Methylone produces antidepressant-relevant actions and prosocial effects

Zhenlong Li, Hsien Yu Peng, Chau Shoun Lee, Tzer Bin Lin, Ming Chun Hsieh, Cheng Yuan Lai, Han Fang Wu, Lih Chyang Chen, Mei Ci Chen, Dylan Chou

Research output: Contribution to journalArticlepeer-review

2 Citations (Scopus)


Methylone (3,4-methylenedioxy-N-methylcathinone) is a rapid-acting entactogen that has been shown to have significant benefits in patients with post-traumatic stress disorder and major depressive disorder and is well tolerated in phase 1 clinical trials. A recent preclinical study reported that methylone produced robust antidepressant-like actions in naïve rats. However, its antidepressant effects on various stress-related psychopathologies and other neuropsychological actions remain unclear. In the present study, we examined the antidepressant-relevant effects of methylone in learned helplessness (LH) and social defeat stress C57BL/6J male mouse models and further explored its sociability-relevant neuropsychological actions. Our results indicate that methylone produces antidepressant-relevant effects on the helpless phenotype, LH-evoked depressive-like behaviors, and psychosocial stress-induced social avoidance, and induced depressive-like behaviors. In addition, methylone was found to enhance social preference and increase various social behaviors, including social contact, sniffing, allogrooming, and following. Moreover, methylone appeared to elevate empathy-like phenotypes and was also found to increase helping-like behavior. Overall, the present results suggest that methylone plays an antidepressant-like role in various stress-relevant psychopathologies and could be an ideal antidepressant candidate. In addition, novel findings on the elevated tendencies of social preference and empathy-like and helping-like phenotypes reveal that methylone may have potential application in patients with social deficits.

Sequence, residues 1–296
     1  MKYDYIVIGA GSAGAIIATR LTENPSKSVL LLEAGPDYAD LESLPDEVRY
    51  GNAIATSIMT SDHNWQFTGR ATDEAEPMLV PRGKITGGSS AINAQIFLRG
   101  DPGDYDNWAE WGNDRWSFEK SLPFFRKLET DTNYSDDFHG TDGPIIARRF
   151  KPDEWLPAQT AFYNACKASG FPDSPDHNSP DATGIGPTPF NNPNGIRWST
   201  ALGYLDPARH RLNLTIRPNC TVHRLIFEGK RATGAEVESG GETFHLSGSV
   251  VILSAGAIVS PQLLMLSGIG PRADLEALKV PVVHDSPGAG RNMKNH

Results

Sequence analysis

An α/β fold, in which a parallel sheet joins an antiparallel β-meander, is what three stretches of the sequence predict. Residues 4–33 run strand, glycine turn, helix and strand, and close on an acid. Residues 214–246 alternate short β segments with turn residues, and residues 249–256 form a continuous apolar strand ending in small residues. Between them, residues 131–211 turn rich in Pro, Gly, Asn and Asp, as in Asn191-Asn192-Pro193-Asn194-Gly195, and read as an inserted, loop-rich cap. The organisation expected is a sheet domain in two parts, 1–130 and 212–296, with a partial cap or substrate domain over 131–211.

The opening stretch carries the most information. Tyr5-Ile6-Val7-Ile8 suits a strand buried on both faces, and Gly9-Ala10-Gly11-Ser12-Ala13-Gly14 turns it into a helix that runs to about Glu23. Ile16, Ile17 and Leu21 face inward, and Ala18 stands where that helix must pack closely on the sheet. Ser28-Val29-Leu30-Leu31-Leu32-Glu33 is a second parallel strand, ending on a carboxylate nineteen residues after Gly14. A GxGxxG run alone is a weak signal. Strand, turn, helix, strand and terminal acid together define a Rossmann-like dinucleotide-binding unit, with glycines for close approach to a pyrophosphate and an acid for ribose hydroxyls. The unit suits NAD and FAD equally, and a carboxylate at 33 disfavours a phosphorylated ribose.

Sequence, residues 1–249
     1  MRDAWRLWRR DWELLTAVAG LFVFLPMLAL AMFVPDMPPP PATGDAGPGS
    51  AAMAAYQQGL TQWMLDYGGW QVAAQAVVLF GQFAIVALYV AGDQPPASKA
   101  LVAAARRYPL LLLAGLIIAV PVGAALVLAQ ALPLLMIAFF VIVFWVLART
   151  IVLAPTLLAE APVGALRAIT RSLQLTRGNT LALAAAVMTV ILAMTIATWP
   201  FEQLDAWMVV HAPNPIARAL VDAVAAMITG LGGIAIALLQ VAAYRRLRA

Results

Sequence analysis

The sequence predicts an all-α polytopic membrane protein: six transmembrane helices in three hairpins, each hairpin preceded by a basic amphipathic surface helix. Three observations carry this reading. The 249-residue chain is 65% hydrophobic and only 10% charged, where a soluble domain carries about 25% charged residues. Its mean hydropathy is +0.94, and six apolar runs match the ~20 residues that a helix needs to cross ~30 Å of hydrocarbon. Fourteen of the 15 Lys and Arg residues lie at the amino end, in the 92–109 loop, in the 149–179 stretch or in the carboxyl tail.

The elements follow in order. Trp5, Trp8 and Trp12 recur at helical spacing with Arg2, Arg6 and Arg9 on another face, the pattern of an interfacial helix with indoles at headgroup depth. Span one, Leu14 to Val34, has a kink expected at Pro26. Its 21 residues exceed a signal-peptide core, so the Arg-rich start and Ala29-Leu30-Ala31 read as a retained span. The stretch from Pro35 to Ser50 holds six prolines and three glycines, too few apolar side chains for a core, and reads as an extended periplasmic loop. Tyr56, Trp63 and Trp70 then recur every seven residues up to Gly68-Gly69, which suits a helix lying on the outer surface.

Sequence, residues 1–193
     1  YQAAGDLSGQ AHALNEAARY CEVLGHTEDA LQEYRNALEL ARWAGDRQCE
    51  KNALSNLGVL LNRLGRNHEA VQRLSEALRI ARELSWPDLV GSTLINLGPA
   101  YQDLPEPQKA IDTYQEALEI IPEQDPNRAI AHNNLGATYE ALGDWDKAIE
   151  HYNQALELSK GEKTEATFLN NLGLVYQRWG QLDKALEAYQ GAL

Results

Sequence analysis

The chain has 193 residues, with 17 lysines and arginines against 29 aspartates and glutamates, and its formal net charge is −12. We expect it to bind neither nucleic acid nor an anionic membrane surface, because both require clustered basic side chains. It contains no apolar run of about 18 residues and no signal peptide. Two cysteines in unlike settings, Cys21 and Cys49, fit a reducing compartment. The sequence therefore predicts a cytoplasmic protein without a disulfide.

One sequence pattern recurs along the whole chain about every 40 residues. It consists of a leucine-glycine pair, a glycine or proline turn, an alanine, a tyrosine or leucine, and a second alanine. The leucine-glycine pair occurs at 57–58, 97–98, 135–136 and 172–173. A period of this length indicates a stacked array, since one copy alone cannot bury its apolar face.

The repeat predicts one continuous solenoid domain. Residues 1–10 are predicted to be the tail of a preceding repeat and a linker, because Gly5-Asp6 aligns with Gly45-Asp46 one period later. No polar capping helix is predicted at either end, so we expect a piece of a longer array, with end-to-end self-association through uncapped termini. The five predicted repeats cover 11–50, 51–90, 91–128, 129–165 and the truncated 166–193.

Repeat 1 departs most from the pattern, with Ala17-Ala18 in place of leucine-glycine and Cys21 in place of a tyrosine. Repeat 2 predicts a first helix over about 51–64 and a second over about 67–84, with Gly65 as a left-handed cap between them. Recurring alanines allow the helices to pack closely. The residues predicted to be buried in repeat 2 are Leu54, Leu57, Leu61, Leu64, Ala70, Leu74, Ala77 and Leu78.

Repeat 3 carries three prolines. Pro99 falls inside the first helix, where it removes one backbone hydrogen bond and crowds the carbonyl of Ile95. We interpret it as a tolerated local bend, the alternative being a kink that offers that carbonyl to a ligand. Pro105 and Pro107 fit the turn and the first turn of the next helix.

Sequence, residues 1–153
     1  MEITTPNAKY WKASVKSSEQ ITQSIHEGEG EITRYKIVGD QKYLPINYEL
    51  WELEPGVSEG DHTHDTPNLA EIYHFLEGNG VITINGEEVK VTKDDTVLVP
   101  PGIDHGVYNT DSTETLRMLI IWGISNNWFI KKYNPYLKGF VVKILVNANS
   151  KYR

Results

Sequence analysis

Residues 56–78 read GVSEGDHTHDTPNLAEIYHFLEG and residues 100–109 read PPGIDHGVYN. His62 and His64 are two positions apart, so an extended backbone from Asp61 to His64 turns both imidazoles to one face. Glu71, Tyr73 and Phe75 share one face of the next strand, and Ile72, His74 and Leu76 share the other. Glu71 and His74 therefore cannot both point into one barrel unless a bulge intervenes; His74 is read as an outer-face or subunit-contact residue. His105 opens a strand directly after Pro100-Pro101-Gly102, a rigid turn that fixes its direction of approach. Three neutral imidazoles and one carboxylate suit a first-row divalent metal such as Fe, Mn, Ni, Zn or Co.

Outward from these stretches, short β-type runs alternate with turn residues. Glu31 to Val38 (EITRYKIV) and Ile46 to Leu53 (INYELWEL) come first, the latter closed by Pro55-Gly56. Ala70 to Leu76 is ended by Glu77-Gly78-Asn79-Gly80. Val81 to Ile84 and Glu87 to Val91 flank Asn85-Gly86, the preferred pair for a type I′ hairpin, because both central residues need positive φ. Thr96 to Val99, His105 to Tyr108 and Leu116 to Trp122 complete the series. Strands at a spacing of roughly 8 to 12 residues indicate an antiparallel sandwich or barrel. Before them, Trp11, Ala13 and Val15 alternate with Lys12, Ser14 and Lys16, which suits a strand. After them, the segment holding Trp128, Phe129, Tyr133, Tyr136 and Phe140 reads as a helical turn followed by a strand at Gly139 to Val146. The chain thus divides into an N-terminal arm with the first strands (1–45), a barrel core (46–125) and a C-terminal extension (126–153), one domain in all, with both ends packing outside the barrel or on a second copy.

Original languageEnglish
Article number109787
Publication statusPublished - Jan 1 2024


  • Antidepressant
  • Depressive-like behavior
  • Empathy-like behavior
  • Helping-like behavior
  • Methylone
  • Sociability

ASJC Scopus subject areas

  • Pharmacology
  • Cellular and Molecular Neuroscience


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